Sunday, July 19, 2015

The incredible, edible egg


I grew up eating and working in diners.  My dad owned one and I was a schlepper there for years.  I’ve had eggs a million different ways, from soft-boiled to hard, to sunny-side up to scrambled and omelets.  My preference is over-easy on top of corned beef hash, if anyone cares (and I know you all do).

However, all the rage these days seems to be an entirely new way of eating eggs…as a condiment on a burger.  Formerly found only at little crap-holes seen on “Diners, Drive-ins and Dives” with that clown Guy Fieri, the egg has gone big-time and can be seen on menus everywhere, including “The Local” in Wayland, and “Ted’s Montana Grill" in Westborough .

Honestly, I questioned the logic behind this movement.  Why is this necessary?  It just looks so odd (to me).  An item that has been a breakfast protein staple for years is suddenly a topping on a burger, in the same spectrum as cheese, onions and mushrooms?  Who decided this would be a good idea?  What kind of demented mind comes up with this sort of thing???

I put off jumping on the egg cart for a long time.  Last winter, a friend started enjoying these sorts of burgers, with an egg on the top, but it didn’t resonate with me at all.  I just couldn’t embrace the egg in that way.  From delightfully fluffy scrambled eggs, to crepes, I’ll jump in the yolky pool, but sitting on top of a perfectly grilled burger?  Are you kidding me?

Well, I caved.  Despite all of my pre-conceived notions and biases, I decided to go for broke, and while eating at the Farmhouse Grill and Tap in Burlington, Vermont (where every menu items seems to be identified by the farm from which it came), I ordered the burger with cheese and a sunny-side up egg.  And how was it?  How was my first ovo-bovine experience?  Decidedly…interesting.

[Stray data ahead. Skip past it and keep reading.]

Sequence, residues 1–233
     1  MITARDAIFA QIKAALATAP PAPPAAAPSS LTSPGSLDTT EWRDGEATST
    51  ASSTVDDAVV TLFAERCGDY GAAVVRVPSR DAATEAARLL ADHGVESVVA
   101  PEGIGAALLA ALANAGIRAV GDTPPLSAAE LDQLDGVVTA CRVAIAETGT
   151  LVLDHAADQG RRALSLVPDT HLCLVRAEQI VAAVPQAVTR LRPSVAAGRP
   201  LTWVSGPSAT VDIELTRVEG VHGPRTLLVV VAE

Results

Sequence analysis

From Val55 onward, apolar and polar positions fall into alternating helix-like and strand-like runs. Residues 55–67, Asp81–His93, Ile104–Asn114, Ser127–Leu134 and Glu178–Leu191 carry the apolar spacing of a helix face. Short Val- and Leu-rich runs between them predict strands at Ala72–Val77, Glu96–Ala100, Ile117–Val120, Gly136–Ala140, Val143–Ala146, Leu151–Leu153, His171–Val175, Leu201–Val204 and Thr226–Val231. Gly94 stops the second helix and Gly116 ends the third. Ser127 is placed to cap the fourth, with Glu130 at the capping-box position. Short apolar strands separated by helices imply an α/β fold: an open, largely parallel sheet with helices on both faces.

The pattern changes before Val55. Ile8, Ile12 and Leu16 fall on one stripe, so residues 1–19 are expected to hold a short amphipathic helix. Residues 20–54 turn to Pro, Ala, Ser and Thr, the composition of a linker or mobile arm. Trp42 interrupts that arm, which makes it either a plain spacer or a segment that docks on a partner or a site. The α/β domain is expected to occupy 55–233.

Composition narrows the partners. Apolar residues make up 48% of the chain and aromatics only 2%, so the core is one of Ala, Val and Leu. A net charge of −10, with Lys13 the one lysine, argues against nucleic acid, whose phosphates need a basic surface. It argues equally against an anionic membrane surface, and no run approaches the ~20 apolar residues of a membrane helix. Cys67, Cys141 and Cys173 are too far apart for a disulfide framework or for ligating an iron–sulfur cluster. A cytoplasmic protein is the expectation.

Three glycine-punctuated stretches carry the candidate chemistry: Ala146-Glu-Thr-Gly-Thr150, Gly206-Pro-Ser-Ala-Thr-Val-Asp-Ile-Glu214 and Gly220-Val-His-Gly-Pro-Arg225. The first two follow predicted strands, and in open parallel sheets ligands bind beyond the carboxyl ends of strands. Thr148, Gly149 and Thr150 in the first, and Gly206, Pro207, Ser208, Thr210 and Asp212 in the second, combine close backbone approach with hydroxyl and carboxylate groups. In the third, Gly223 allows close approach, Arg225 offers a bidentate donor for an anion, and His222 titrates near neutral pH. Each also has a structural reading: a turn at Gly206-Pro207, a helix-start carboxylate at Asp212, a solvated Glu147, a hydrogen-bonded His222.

LaPlatte River Angus Farm Beef
from a cow named "Morty"

arugula, cheddar, pickled red onions and egg

The Farmhouse burger did have a textural difference as a result of the egg on it, but boy, oh boy, was it messy!  However, the egg was not cooked completely, even as a sunny side up egg, so I wasn’t exactly thrilled.  But, since this IS a thing, I knew I had to go for another round…so, just to be fair, I tried a second burger, this time a bison burger, with cheese, sautéed mushrooms, sautéed onions and a fried egg, over easy, at Ted’s Montana Grill in Westborough.  This one, well, it was better, but girl, oh girl…it was MESSY!  But messy is a good way. 

American cheese, grilled onions and mushrooms topped 
with a fried egg

It’s a very interesting combination.  I liked the yolk running down along the side of the meat (and my hands and arms), and when you get to the combination of the meat and the yolk, it was really unctuously delicious.  I’m not sure the white of the egg really is important to the whole affair, but I can taste the specialness of having a warm, runny yolk oozing down the entire burger, ultimately soaking into the bun.  After doing this twice though, I’m not sure I want to attack this on a frequent basis (or my heart will “attack” me).  It is a mess, and I’m not sure if I wanted to celebrate this, or be disgusted with myself (like my sister and mother probably are just by reading this).  But it was delicious, in a strange, twisted way.  Given the popularity of this these days, done well, it is a burger worth eating.  If at a place that offers the fried egg topping, give this new condiment a try. 

And remember, brown eggs are local eggs, and local eggs are fresher.

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